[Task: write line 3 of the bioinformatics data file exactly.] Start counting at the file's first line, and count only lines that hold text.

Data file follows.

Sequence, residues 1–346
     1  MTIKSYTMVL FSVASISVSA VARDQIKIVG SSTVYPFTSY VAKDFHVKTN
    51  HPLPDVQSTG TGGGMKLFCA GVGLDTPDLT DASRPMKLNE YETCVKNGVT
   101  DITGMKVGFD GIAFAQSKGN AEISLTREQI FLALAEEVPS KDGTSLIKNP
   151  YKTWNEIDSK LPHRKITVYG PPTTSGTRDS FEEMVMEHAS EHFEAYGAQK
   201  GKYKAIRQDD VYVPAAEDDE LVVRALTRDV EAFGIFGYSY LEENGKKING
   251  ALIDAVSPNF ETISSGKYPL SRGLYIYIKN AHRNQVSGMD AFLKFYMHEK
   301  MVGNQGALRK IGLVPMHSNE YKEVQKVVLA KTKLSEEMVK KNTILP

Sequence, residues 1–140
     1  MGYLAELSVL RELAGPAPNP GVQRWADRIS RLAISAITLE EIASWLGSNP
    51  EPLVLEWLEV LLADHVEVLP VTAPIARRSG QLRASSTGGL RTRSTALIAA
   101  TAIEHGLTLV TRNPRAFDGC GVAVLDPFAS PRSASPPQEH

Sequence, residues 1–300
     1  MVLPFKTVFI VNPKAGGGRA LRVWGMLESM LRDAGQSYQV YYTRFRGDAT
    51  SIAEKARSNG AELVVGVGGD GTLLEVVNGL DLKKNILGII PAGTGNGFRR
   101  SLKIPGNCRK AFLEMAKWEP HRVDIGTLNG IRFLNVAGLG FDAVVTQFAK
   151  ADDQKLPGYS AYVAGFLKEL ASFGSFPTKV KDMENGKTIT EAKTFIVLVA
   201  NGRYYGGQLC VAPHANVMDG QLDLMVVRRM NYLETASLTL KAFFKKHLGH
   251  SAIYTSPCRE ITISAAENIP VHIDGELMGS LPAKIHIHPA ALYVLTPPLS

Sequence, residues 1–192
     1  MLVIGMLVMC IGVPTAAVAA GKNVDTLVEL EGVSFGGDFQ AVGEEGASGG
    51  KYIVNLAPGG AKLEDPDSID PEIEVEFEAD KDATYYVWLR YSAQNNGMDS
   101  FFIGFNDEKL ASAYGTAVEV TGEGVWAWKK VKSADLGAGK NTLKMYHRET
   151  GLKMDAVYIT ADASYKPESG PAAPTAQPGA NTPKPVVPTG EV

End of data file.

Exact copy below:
    51  HPLPDVQSTG TGGGMKLFCA GVGLDTPDLT DASRPMKLNE YETCVKNGVT